OVER the past few months, many of us with a garden have been able to spend more time tending it. Paradoxically, this has coincided with a growing movement in the horticultural world to let things go. Rewilding, to use the latest buzzword, refers to allowing nature take over our growing spaces, to some extent. Where people differ is on where to draw the line.
In handing over the management of our former home to a letting agency, I was politely asked if I could tidy the garden up a bit. Evidently, the cow parsley that spilled on to the drive, the self-seeded daisy-flowered Erigeron karvinskianus in the hoggin paths, and the very blurred boundary with a vacant and truly wild plot next door smacked too much of neglect.
I pondered further on this fine line when we arrived at our tied accommodation in Oxford. What I am most excited about is restoring some order to our new garden, which has rightly been a play area for a young family, not to mention forage for Sampras, Christ Church’s resident tortoise.
Natural plant communities develop into woodland unless held in check by extreme climate, or intervention by people. The self-seeded buddleia, ash, wild plum, and elders by the back door are the pioneer species of this urban jungle, and need a severe edit if the space is to work as an entertainment space. The “weeds” in the lawn, on the other hand, are welcome cohabitants: the buttercups, clover, and yarrow provide nectar and pollen for the insect population.
Frances Tophill is a fresh young voice in the garden-media world, and, last month, her latest book, Rewild Your Garden (Quercus, £15, (£13.49); 9781529410259), came out in hardback. Frances freely admits that it was the publisher who approached her with the idea rather than the other way round. While the subject clearly matches her broader interest in the natural world, her voice in the book is not one of the strident evangelist, and its strength lies in helping us to cultivate our gardens more mindfully.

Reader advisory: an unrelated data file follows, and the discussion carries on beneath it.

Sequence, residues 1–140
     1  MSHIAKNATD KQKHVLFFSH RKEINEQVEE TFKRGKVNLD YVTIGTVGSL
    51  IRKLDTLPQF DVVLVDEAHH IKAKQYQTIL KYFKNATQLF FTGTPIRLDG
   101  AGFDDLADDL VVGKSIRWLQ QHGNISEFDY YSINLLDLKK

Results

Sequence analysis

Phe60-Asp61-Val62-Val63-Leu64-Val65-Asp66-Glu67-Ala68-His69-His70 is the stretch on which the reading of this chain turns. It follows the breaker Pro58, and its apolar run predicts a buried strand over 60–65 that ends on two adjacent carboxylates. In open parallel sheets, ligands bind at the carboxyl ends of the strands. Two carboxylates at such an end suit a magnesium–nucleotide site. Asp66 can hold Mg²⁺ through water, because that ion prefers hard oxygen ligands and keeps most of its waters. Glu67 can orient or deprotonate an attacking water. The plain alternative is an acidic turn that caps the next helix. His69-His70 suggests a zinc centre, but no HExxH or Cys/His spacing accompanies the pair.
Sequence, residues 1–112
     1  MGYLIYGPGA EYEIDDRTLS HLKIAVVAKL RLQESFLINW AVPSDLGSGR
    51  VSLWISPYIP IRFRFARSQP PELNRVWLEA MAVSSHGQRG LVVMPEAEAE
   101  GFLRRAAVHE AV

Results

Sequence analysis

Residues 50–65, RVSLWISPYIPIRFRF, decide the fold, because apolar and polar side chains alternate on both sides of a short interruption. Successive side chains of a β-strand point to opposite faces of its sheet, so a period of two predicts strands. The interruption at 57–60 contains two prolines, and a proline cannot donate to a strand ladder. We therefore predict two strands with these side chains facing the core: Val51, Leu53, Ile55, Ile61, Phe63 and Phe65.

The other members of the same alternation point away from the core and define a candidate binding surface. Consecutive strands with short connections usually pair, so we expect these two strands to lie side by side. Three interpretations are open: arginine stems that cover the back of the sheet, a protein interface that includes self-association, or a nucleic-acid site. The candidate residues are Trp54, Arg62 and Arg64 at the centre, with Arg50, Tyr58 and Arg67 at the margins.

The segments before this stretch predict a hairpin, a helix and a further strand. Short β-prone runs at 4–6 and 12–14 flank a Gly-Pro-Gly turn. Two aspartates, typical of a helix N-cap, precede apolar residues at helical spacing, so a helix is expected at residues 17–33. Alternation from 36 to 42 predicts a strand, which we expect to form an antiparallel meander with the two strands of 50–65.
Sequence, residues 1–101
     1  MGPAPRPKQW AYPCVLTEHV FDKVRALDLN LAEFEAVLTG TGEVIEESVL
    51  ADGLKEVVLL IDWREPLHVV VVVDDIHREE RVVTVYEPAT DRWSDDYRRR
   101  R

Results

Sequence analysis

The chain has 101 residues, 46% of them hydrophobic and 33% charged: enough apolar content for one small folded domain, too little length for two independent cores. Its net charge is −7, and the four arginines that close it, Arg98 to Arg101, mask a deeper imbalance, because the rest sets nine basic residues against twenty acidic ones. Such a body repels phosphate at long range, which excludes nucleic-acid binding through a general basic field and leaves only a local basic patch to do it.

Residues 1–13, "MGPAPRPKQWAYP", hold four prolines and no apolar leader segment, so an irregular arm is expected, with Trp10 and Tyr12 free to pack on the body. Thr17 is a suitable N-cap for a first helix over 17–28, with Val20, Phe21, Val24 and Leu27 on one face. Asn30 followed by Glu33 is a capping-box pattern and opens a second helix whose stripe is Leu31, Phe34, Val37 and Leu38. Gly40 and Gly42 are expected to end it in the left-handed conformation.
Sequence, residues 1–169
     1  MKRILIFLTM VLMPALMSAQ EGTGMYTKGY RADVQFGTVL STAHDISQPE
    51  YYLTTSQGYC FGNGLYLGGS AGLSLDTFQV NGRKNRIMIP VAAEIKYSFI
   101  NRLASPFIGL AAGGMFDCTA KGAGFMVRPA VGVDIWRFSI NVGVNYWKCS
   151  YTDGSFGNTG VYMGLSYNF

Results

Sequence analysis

In the first part of the book, Frances divides managing the different layers of your garden, from soil up to the tree canopy, into three: the traditional, wildlife-friendly, and full rewilding approach. The latter can make scary reading for the orderly gardener, but the tone is sympathetic, and states the choices that we have in an adult way. Full rewilding is more workable at soil level. Don’t cultivate the soil, “let the weeds grow and leave the dead wood where it is; let nature take its course.” Frances concedes that this will appear messy to some.
When it comes to the canopy level, she goes further, admitting that leaving self-sown trees such as sycamore and birch to grow unchecked will lead to “a scrubby look, too densely planted and with few species at least for some years”.
The book offers useful advice on building a pond, and choosing trees and hedging for wildlife. I was intrigued by the idea of using prunings to build a wildlife-friendly “dead-hedge”, and, although I am itching to get busy in our new Christ Church garden, I am holding back and determined to garden with that bit lighter touch.